Honest, hope is a verb, it takes a village

How you stand

I write fluffy words a lot.

I write words that ask you, the reader, to step into the next. To be encouraged, to grab onto your own strength.

Sometimes all I want to do is yell and cry.

I had a moment on Friday, during nap time where I just wanted to walk out the doors. The why doesn’t really matter, but just know that I wanted to walk out. Instead I walked into the storage closet and shed a few tears and took a deep breath and walked back out.

Then later that night I had my second panic attack in the last month.

I don’t say this all to say my life is awful or for sympathy (because it’s not and I don’t need it)- I say it to tell you what I did next.

Saturday morning I went out to breakfast and read a book. I opened windows and cleaned my room, I drank a glass of wine and ate bean dip straight from the casserole dish on the floor of my friend’s house.

This morning I slept in and went to a coffee shop and did some prep for a bridal shower.

What I’m trying to say is I kept moving.

Sometimes I have shame that pops up from about ten years ago when I stopped moving. I didn’t go to work and I hid in a hole and my roommates pulled me out of the hole and gave me space all at the same time.

What I am trying to say is keep moving, in some way. Make some brownies or clean or read in a coffee shop or treat yourself to a delicious breakfast sandwich and a good book.

Walk outside, breathe, get vitamin D.

I spend 40+ hrs teaching tiny humans how to listen to their bodies. What it feels like to be mad, sad, happy or when you need to go to the bathroom. But how often do we as adults truly listen to our bodies unless our body is screaming at us?

Self care and soul care is so trendy these days. Not that it’s a bad thing. But what I want to remind you is that self care looks different for everyone. Self care to me is cleaning with my window open. It’s laughing with friends. It’s sitting across from someone at a coffee shop and not speaking.

I have made it a point to keep moving forward. To always show up. And when I don’t want to necessarily leave the house- to do something anyway.

It’s so important how you respond to the lows in your life.

I’ve learned over the last ten years what responses work for me and what responses don’t. What responses give me life and what responses cause me to drown a little more.

It’s an important value in my life to be as honest and open as possible in my writing. There are things I won’t talk about, not for lack of desire but in all honesty it’s just not everyone’s business.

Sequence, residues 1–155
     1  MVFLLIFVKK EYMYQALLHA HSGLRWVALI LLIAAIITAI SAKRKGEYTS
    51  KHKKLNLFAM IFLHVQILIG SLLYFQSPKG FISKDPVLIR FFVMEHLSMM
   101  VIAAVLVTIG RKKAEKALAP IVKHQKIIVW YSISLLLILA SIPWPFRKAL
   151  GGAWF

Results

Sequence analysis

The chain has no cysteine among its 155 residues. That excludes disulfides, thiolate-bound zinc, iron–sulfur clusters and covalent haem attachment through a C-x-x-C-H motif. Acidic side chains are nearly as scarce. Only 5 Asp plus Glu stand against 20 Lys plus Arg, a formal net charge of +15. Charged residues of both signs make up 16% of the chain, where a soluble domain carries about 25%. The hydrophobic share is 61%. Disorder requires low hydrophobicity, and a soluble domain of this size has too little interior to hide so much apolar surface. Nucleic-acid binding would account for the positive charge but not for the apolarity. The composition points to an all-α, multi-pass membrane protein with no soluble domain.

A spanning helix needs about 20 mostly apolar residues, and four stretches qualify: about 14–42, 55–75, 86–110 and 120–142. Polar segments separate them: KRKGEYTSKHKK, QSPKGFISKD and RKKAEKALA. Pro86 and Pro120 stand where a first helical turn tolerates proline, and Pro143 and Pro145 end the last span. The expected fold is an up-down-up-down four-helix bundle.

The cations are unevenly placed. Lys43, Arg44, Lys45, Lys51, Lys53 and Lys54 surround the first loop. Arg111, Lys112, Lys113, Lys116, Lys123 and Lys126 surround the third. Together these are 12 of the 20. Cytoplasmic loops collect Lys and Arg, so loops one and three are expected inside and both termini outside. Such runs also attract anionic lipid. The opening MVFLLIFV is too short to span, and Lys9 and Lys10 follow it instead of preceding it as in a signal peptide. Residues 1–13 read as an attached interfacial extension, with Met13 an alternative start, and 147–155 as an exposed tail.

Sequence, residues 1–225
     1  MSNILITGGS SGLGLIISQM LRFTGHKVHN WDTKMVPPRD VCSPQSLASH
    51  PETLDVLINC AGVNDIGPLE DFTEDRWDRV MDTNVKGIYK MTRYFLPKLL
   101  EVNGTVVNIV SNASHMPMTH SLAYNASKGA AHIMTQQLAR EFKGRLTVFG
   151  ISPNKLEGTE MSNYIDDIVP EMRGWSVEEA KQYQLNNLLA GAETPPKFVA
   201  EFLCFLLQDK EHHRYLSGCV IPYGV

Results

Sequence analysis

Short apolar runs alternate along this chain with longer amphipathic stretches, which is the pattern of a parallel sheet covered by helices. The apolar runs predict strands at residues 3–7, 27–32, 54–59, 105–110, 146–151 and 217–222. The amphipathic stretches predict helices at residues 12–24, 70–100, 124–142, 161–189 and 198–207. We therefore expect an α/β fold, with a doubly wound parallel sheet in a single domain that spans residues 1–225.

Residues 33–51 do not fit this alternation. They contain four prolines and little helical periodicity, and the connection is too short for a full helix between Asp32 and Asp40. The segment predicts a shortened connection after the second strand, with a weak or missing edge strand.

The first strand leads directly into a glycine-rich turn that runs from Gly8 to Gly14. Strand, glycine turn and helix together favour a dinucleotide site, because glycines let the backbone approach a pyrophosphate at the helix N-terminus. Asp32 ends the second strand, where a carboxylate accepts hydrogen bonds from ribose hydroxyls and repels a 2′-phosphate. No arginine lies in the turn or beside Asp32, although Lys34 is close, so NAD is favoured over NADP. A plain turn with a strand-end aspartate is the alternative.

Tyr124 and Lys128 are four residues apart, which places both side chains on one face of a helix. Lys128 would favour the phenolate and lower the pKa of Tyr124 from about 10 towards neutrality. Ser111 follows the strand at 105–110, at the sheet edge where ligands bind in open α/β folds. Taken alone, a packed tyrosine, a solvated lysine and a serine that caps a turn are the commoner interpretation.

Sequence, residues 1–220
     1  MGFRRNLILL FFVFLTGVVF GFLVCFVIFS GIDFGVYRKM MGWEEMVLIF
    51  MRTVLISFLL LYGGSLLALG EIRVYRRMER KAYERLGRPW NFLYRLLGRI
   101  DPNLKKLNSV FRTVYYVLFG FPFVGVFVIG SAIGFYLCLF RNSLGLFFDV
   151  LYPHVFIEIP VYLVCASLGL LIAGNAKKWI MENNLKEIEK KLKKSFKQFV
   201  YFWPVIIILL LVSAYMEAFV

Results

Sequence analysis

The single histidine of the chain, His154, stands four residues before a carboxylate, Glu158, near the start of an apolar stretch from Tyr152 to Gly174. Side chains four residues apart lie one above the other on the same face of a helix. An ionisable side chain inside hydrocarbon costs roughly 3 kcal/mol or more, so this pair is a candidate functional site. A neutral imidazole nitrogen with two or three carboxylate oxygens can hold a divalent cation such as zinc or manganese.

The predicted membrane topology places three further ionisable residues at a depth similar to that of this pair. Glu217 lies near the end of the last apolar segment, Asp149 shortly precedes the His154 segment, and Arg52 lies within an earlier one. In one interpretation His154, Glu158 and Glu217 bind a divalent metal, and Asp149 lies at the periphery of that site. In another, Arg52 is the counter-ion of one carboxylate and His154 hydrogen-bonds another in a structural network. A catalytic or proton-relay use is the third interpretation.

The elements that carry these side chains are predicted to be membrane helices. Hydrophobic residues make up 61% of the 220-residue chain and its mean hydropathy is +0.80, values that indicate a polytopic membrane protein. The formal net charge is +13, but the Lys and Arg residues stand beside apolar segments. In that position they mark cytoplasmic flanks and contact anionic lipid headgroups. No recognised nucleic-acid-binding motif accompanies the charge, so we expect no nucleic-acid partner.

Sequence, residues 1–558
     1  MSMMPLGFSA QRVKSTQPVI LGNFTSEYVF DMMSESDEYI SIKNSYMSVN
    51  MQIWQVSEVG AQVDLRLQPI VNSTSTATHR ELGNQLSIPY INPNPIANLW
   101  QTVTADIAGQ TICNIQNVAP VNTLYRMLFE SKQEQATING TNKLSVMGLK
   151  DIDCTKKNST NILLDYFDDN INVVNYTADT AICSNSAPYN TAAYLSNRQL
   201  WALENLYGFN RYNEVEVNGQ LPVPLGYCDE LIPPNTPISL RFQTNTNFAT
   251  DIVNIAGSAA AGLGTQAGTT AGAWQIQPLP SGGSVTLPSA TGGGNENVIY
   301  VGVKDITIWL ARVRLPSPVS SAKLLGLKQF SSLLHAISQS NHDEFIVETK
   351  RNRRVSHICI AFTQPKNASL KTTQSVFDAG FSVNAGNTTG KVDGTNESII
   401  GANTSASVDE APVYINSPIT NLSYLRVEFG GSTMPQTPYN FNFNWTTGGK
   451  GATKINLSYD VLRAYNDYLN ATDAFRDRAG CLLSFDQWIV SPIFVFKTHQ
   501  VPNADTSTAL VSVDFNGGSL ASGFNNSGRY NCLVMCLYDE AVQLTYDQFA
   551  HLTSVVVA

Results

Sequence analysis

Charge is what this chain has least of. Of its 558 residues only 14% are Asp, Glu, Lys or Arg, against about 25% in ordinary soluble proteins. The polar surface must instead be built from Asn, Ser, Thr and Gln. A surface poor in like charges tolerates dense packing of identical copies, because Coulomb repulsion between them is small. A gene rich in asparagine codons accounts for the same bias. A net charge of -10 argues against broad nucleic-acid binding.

But this, my response to my lows is something I want to share.

Knowing what to do when your body yells is just as important as what you do to not make it yell.

Responding when you fall down reminds you of ways to keep standing.

So to you, my friend reading this, know that it’s 100% ok to fall.

It happens.

But, start noting how you stand up. Note, how you stand up taller than when you fell.

You’ve got this.

Do the damn thing

Uncategorized

we’ve waited long enough

Today while doing some writing in church the phrase “we’ve waited long enough” came into my brain.

And I got so mad.

I got mad as the words poured out of my brain and as I let pen meet paper.

We’ve waited long enough.

Have you ever been waiting for something? A package or a pizza or a phone call and then you just get angry (or in the case of the pizza-hangry). That you start to tap your feet and clench you fists either from hunger or impatience or other emotion.

The anger isn’t always actual anger but a build up of waiting, a build up of being told one thing but it’s another.

A build up of the resolve with no actual resolution.

It’s funny because in one way or another we’re all waiting.

Waiting for a phone call or a pregnancy test to turn a color or man or woman to come out of the woodwork.

Waiting.

But, we are also waiting for the moment to be who we are.

We are waiting for all the things to fall into place that we can finally be the thing we are meant to be.

And that waiting can make you angry too.

It can make you clench your fists and rage against what might not be tangible.

You could be waiting for permission to be someone you know yourself to be.

Waiting to just try.

But nothing is happening because you are terrified of doing something that isn’t just waiting.

Nothing is happening because putting the thing out into the world we cherish is harder than holding it in our hands.

A few weeks ago I went to an all day conference for work.

And it was maybe one of the most soul crushing days of my life.

(No, I’m not being dramatic).

But, as I sit here I realize that I was getting angry because I was waiting.

That day, specifically, I (well, I could “We” this one-you know who you are) was waiting on hope.

The topic for 8 hours was on ACEs (adverse childhood experiences) and there was just absolutely no hope.

It wasn’t the first time I’ve gone to trainings on the topic and it won’t be the last. But, what was supposed to be a day that gave me a little bit of refreshment and a new tool or two for my classroom brought me nothing but despair.